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Inside Out 2

As we drove to the theater to see Pixar’s INSIDE OUT 2, my family and I discussed the release of the original. I was shocked to realize that it debuted in 2015. It seemed impossible that the film we watched and loved as a family was released nearly a decade ago, and the repeated viewings of the modern classic have spanned most of my kids’ childhood.  

Though the character of Riley (Kensington Tallman) hasn’t aged quite as significantly in this delightful and emotionally resonant sequel, its target audience has. Many of those, like the kids in my very own car, have now experienced and battled many of the complex and intense emotions that are introduced this time around. Similar to many of the great Pixar films that came before it, it obliterates the antiquated notion that “cartoons are for kids,” delivering a story that will impact virtually every viewer, regardless of age. 

After winning the championship hockey game, Riley and her best friends Bree (Sumayyah Nuriddin-Green) and Grace (Grace Lu) are invited to a summer hockey camp that will be run by the high school coach. This is an opportunity for them to not only make an impression but possibly make the team as freshman. Riley’s emotions Joy (Amy Poehler), Anger (Lewis Black), Fear (Tony Hale), Disgust (Liza Lapira), and Sadness (Phyllis Smith) are elated by the opportunity and know that Riley is going to prove to everyone just how great she can be.  

On the eve of camp, however, everything changes. The “puberty” button suddenly starts to flash, and life will never be the same. Suddenly, new emotions Embarrassment (Paul Walter Hauser), Envy (Ayo Adebiri), Ennui (Adèle Exarchopoulos), and Anxiety (Maya Hawke) are in the mix. There is also a new emotion board, and every single action is amplified. The timing certainly isn’t great, as Riley wants nothing more than to make the varsity hockey squad. To make matters worse, on the way to camp, she discovers that Bree and Grace are going to be attending a different high school than her, so this will likely be the last weekend they will ever play on the same team again. Pair all of this with the fact that Riley wants to impress her idol and super-cool team captain Val Ortiz (Lilimar), and things are bound to get very, very complicated.

INSIDE OUT 2 tackles the complexity of pubescent adolescence with humor and intelligence, finding ways to strike a chord with every member of its audience. For younger kids it’s funny because they think they know what’s going to happen as they age, for teenagers, it’s funny because they are going through variations of the issues presented, and for parents, it’s funny because not only did they go through it all, but now they are watching their kids do the same. It’s a movie that means something different to everyone, yet somehow has common ground for all.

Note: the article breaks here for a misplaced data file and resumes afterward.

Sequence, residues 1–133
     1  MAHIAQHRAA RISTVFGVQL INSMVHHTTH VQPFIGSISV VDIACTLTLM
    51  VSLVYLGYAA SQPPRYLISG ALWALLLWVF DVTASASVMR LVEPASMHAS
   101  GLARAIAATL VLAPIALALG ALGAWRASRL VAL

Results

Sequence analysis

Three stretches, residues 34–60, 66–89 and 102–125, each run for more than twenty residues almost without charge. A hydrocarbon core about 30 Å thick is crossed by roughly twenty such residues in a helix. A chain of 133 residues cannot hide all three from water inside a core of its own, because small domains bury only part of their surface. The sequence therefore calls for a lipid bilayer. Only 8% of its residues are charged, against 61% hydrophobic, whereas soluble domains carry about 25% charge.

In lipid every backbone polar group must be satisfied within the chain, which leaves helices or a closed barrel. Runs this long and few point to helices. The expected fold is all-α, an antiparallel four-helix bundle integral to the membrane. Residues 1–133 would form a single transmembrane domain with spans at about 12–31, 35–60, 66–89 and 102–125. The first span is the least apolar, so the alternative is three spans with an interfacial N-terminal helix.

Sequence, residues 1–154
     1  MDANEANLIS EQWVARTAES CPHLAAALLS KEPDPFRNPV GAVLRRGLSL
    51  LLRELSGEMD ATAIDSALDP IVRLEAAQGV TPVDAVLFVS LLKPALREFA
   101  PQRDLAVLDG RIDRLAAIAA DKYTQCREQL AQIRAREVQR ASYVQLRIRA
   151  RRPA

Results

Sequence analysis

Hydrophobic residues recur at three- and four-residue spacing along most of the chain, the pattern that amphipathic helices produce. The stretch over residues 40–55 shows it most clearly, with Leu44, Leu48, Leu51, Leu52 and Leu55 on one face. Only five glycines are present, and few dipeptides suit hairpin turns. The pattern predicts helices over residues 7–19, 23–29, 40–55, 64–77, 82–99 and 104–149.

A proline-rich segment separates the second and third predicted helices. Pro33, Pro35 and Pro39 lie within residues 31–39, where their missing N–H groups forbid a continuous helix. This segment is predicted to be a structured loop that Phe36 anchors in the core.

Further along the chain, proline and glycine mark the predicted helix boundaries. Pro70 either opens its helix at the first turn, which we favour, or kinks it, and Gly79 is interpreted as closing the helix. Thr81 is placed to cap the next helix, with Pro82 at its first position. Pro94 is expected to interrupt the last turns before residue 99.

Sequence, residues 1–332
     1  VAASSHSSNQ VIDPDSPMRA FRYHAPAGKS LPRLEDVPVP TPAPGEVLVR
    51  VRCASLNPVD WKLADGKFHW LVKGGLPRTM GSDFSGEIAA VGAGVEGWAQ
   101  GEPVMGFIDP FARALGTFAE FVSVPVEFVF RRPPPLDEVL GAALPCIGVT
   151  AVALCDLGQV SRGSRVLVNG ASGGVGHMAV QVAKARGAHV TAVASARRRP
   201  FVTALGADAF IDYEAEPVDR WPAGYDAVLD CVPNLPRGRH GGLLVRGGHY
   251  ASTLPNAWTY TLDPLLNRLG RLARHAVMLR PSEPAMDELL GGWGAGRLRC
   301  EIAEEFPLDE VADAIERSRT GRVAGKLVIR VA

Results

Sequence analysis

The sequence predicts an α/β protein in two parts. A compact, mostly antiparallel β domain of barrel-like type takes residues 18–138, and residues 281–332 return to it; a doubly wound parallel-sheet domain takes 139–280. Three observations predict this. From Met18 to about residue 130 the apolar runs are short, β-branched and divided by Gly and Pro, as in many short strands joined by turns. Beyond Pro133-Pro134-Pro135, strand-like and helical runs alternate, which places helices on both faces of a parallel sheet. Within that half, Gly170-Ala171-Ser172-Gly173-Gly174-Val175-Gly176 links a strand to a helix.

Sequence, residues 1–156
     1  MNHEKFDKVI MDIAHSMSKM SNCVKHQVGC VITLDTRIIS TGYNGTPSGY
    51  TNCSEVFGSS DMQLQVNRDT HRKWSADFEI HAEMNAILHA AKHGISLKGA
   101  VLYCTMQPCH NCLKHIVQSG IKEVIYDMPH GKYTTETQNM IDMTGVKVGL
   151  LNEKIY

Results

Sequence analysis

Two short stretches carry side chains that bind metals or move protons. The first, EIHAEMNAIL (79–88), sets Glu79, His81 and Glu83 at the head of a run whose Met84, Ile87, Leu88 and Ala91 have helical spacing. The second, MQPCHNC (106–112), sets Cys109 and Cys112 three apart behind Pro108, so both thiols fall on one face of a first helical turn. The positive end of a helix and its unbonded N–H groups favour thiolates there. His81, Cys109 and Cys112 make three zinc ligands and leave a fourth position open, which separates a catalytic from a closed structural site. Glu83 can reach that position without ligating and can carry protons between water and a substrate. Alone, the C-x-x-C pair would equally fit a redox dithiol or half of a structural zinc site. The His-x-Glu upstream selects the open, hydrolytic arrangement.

As always, the animation is dazzling, and sequences that we couldn’t imagine existing when TOY STORY was released in 1995 are now so commonplace that they can be taken for granted. Yet with the constant use of bold, beautiful, vibrant colors set amidst a world of pure imagination, each scene is an artistic wonder.

Tackling such complex emotions is certainly a risky venture. The painful reality is that many families struggle to deal with many of the emotions presented in INSIDE OUT 2. Sure, we are getting the Pixar/Disney version of these emotions, and there will undoubtedly be those who believe that they shouldn’t be explored at all within an animated family film. Utilizing humor, heart, tenderness, and thoughtfulness, INSIDE OUT 2 shows that it’s okay to have these feelings and it is natural to struggle to understand and deal with them. Anxiety takes center stage, as expected, and it’s presented in a way that doesn’t belittle the very real complexities of this particular emotion that impacts so many in today’s society. There are humorous moments to be certain, but Riley’s well-being and the actions fueled by Anxiety are incredibly relatable.  It will no doubt speak to kids in a way that other mediums cannot, and yet another reason why Pixar remains one of the most revolutionary and impactful studios in filmmaking today.


Now playing in theaters. 

Brian Miller